These two short, influential books represent the earliest authoritative statement of Dewey's revolutionary emphasis on education as an experimental, child-centered process. He declares that we must make schools an embryonic community life and stresses the importance of the curriculum as a means of determining the environment of the child. 4 halftones and 4 charts.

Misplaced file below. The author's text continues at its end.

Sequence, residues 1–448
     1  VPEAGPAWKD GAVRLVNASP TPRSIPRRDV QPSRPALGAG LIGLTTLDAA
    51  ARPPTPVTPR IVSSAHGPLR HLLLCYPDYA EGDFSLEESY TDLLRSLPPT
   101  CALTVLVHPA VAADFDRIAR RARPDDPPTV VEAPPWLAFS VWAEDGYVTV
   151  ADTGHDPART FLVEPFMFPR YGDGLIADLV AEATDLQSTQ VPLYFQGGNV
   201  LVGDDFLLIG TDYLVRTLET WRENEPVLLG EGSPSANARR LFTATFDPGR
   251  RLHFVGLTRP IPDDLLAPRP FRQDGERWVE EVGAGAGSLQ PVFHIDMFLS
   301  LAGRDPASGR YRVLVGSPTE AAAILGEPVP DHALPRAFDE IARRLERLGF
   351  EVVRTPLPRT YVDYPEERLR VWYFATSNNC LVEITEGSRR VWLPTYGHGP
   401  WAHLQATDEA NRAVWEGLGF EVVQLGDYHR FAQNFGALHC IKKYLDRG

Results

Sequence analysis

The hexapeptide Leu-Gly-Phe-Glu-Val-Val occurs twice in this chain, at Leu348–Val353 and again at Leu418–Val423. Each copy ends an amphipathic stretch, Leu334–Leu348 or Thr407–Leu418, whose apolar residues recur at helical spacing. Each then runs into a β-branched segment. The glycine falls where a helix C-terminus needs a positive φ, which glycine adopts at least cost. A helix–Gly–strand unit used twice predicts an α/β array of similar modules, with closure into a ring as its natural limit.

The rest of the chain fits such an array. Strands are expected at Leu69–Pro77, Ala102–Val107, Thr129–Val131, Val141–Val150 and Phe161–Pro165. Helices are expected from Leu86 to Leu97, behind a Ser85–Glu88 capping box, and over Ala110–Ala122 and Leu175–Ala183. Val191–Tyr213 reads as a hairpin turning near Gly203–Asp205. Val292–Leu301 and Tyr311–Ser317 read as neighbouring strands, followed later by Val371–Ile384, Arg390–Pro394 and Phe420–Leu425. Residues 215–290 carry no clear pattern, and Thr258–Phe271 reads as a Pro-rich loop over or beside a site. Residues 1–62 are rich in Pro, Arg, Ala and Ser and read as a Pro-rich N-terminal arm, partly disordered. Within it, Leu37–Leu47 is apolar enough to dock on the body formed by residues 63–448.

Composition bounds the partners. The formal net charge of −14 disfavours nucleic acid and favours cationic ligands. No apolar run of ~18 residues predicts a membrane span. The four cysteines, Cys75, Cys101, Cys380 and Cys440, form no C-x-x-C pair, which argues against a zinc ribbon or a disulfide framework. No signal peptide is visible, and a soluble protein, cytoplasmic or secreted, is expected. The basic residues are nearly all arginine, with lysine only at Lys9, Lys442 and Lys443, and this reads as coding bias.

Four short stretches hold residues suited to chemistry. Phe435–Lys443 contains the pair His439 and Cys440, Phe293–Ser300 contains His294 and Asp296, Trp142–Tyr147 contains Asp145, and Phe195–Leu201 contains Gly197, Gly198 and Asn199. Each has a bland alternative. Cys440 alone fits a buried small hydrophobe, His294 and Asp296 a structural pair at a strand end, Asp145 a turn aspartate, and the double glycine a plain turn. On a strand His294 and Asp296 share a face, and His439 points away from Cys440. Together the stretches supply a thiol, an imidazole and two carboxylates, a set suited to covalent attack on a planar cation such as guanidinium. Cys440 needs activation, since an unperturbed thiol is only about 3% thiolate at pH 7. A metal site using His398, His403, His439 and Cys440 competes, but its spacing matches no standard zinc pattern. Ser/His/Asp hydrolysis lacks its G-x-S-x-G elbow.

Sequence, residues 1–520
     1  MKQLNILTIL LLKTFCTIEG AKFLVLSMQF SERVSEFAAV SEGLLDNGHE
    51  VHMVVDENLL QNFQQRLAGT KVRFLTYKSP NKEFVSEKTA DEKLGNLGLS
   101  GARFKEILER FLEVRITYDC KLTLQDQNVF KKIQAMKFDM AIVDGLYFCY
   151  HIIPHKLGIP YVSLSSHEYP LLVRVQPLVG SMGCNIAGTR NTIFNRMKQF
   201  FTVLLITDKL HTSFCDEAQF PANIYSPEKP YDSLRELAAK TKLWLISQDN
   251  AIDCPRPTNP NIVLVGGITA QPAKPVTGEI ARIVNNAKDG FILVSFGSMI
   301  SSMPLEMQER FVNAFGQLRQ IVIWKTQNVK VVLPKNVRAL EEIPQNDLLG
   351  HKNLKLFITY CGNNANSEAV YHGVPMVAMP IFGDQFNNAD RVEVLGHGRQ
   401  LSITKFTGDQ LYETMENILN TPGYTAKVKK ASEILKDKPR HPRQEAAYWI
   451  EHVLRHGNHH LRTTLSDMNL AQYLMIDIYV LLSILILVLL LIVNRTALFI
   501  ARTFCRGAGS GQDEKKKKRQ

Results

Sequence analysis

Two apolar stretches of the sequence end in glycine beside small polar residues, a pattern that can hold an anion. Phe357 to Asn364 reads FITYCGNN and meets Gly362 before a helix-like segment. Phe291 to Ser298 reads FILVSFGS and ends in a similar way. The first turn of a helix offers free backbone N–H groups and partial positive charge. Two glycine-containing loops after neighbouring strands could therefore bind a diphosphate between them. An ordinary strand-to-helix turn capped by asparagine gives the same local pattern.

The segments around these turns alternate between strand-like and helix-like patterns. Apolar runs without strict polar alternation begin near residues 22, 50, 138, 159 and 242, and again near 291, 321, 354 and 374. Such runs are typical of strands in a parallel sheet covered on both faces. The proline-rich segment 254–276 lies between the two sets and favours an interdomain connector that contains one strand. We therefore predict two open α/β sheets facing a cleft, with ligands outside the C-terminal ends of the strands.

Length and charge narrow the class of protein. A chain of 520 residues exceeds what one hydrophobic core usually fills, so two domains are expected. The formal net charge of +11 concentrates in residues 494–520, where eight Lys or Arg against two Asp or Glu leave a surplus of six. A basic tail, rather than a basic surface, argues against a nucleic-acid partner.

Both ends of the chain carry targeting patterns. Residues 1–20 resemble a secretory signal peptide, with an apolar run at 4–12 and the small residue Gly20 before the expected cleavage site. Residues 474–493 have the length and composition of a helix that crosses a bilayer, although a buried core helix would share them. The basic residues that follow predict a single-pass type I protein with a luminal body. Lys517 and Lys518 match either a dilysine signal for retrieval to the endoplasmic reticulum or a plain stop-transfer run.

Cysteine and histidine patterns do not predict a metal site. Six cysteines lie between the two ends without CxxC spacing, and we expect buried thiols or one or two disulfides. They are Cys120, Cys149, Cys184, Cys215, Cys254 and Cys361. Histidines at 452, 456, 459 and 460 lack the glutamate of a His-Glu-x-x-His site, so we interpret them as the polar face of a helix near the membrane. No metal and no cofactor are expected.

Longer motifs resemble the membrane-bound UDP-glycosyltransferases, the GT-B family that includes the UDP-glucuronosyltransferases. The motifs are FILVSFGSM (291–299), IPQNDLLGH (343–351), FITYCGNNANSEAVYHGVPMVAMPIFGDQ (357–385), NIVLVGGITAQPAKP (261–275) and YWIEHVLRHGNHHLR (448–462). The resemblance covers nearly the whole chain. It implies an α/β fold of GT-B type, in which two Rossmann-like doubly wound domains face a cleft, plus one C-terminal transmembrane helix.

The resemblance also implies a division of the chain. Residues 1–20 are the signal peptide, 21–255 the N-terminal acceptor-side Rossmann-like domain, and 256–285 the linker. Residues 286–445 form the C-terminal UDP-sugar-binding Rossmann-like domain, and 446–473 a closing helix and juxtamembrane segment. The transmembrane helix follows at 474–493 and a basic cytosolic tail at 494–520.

<:st> America's arch-philosopher of education wrote these short pieces out of his experience with Chicago's laboratory school which he started in 1896. Dewey's first piece (1915) argues for making the school into a microsociety of the larger one, while in the second (1902) he seeks a curriculum acting as a kind of program for teachers to follow. Teachers can then guide children toward enough self-confidence to be assertive and exercise their capacities. Cited in Annotation c. Book News, Inc., Portland, OR (booknews.com)